Tuesday, April 27, 2010

Icelandic fleece and Distaff experiments

I had the day off from modeling, so I decided to start processing the Icelandic fleeces that I got in the mail this past week. (This is the start of a long term historical fiber arts experiment, due next February.) First thing I did was to take one of the fleeces into the back yard, and lay it out to see what condition it was in. To my pleasure, it already been skirted of the worst of the dung. You can see Kaylee here checking it out. She was most confused as to where the rest of the sheep had gotten to.
After checking it out, I grabbed large handfuls of fleece and shook them out. Some vegetable matter and a lot of second cuts fell out. Second cuts are small bits of fiber left from where the shearer had to make a second pass when she was giving the sheep its hair cut. My other dog, Malcolm, was happy to supervise this process. I left the bits of fleece to blow around the back yard and turn to compost, and loosely stuffed the rest into lingerie bags.

I brought the bags of fleece inside, and set them to soak for 10 minutes in my washing machine on hot, with a squirt of Dawn. Soak only--no agitation! I only wanted to remove dirt and grease, not make felt. I used the spin cycle on the machine to remove the water, took out the bags, and refilled the machine with plain hot water. The bags went back in to soak for another 10 minutes. I repeated that two more times before the water finally ran clear, and there was no residue left on the inside of the machine. Then the fleece went on a rack to dry for a couple of days.

In the mean time, I've been experimenting with the Medieval spindle that I put together last night. It is kind of wobbly, and doesn't spin for as long as my modern spindles do. I poked around the web for a bit, and found that this is the nature of the beast--because it was made to be used with a distaff. If you look here: http://www.larsdatter.com/spinning.htm you'll find loads of period illuminations of the spindle in use, and almost every one of them uses a distaff. One hand stays up near the fiber source to draft out the fibers, and the other hand usually hovers an inch or so above the spindle. I went back out into the yard and cut a stick for a makeshift distaff, and tried it out.

This actually worked pretty well. Within minutes, my hands were in the same position as the spinners in the manuscripts. I could park the stick with the fiber under my arms, or use my legs to brace it, and pull right from the source. The distaff keeps it under control (this will be great when spinning outside on a windy day!), and the fiber stays neat instead of getting wadded up in my hand. And with my right hand so near the spindle, I can flick it every 5 or so seconds and keep it moving. This gives me good control over the speed of the twist. Keeping control of the spindle will take some learning, though. I lost track of the number of times I accidentally undid the half hitch around the top of the stick and dropped the whole thing.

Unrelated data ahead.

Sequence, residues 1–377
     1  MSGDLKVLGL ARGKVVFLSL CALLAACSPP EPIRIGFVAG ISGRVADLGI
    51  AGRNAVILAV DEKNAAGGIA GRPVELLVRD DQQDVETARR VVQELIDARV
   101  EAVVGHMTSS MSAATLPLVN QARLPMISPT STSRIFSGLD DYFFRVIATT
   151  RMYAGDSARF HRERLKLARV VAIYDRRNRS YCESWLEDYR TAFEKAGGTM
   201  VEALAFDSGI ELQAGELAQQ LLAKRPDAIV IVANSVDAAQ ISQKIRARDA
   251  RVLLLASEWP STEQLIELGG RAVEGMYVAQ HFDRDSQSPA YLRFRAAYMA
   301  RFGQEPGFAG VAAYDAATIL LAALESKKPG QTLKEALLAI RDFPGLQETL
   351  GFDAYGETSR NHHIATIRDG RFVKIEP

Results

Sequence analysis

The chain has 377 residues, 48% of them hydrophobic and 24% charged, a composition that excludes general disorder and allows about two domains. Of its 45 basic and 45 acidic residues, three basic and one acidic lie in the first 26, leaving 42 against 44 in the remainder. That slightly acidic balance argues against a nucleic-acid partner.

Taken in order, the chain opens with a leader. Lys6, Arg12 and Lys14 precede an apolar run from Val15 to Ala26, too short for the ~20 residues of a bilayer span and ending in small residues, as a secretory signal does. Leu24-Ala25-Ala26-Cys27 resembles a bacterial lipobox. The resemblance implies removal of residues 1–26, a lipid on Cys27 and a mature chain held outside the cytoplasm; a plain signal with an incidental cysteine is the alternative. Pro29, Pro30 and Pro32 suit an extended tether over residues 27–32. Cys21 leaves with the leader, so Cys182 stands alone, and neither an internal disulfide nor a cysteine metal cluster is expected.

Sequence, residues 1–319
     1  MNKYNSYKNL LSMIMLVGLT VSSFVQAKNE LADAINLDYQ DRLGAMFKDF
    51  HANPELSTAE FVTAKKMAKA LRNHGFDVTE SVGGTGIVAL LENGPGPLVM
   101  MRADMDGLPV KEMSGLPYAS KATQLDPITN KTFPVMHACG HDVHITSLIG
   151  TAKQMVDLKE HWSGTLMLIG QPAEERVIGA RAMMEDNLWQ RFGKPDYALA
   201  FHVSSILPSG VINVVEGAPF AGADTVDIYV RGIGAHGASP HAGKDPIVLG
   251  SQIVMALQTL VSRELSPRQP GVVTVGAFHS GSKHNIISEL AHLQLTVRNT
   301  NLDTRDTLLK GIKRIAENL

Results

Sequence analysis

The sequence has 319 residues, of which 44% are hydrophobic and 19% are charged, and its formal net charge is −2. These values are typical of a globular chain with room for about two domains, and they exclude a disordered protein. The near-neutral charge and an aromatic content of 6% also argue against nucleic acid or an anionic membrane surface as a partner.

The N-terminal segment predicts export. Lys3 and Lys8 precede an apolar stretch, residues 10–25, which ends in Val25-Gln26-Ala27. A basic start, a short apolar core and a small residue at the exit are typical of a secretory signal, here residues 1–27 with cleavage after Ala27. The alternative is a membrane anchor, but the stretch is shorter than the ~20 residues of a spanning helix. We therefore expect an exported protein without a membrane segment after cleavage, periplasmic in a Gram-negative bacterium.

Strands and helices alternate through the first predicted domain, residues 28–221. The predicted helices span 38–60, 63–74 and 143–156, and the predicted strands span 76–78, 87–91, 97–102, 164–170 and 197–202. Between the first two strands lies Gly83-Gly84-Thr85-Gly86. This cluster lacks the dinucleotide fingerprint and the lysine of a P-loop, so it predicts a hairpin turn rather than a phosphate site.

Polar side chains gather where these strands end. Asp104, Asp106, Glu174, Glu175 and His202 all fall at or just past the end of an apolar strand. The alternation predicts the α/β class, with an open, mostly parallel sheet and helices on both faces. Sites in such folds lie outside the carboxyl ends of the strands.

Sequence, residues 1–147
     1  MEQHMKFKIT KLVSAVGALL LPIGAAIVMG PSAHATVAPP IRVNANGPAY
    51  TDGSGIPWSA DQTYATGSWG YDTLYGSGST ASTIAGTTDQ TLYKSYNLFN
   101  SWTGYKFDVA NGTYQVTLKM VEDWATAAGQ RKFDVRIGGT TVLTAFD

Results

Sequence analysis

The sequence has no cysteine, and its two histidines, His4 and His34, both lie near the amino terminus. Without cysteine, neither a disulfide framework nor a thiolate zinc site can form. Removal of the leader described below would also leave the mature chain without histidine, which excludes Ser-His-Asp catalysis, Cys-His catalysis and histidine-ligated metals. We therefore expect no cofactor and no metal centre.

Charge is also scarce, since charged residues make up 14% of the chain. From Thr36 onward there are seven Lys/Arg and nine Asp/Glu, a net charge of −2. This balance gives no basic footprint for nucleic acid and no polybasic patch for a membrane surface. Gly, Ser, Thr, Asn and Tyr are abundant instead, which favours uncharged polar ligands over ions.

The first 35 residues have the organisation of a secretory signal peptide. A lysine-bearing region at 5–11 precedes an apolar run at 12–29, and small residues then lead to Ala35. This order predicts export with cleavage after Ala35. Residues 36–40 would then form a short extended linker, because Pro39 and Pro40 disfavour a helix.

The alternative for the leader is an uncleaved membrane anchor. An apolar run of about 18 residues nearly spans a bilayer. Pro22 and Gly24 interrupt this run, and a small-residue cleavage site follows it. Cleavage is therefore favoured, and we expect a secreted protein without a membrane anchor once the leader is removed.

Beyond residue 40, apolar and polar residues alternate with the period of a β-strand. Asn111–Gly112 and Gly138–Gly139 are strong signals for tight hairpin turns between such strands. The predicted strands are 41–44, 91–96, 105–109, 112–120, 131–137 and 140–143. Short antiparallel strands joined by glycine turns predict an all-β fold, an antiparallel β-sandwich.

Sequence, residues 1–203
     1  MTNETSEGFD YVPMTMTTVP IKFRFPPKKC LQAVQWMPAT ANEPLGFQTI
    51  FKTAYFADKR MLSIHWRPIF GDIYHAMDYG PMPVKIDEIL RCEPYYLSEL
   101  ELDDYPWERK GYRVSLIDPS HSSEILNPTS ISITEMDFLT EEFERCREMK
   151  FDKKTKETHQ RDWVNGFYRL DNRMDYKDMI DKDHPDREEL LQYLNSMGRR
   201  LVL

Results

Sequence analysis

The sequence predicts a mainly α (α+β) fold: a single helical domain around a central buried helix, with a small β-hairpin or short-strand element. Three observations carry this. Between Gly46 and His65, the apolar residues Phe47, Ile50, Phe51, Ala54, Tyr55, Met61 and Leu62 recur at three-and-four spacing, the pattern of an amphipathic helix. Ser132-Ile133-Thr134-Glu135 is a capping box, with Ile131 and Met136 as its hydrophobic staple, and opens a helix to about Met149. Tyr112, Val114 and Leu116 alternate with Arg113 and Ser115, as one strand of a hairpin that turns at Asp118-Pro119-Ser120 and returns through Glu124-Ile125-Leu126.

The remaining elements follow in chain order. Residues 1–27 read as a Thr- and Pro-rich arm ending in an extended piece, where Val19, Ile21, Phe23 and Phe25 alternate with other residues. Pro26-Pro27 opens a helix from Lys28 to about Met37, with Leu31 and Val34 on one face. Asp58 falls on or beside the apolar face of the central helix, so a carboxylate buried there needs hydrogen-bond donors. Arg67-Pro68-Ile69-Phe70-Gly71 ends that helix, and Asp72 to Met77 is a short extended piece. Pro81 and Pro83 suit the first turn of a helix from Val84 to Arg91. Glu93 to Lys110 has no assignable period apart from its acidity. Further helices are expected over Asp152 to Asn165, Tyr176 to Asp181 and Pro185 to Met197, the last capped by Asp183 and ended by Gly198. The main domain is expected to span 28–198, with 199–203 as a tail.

I'm thinking I don't have the notch in the top of the twig carved correctly, which is why the yarn is coming undone. And I'm also a little worried about the fact that this spindle whorl is made of lead. Lead poisoning is bad. To fix both of these issues, I've ordered a pewter reproduction Medieval spindle from the Woolery, here: http://www.woolery.com/ . It looks very similar to my actual artifact. We'll see how it works when it gets here.

Anyway, I found that the stick I was using for a distaff was also kind of poky, a little rough, and slightly curved in a way that made it harder to feed fiber from one side. So I hunted around for a 'real' distaff. I only found them for sale at Dragonfly Farms, and they were a little out of my price range right now. I thought for a bit...then went out to JoAnne's and bought a two piece wooden flag pole and a small step stool. My husband drilled a hole in the stool. I wound the wool roving around the top of the flag pole, and tied it down with a lucet cord I had lying around.

So far, this is working. When all three pieces are together, I have a self supporting distaff for when I'm sitting in a chair. And I can unscrew just the top half to tuck under my arm when I want to spin while walking around. I think I'm going to cut about 6 inches off the bottom pole though, as I'm feeling some arm strain reaching up so high to draft out the fibers.

I'm having great fun trying to puzzle this out. Here's to experimental archeology!


  1. Sounds like you have a lot of interesting experiments going on.

  2. Thanks! I'm having a blast trying to figure this out.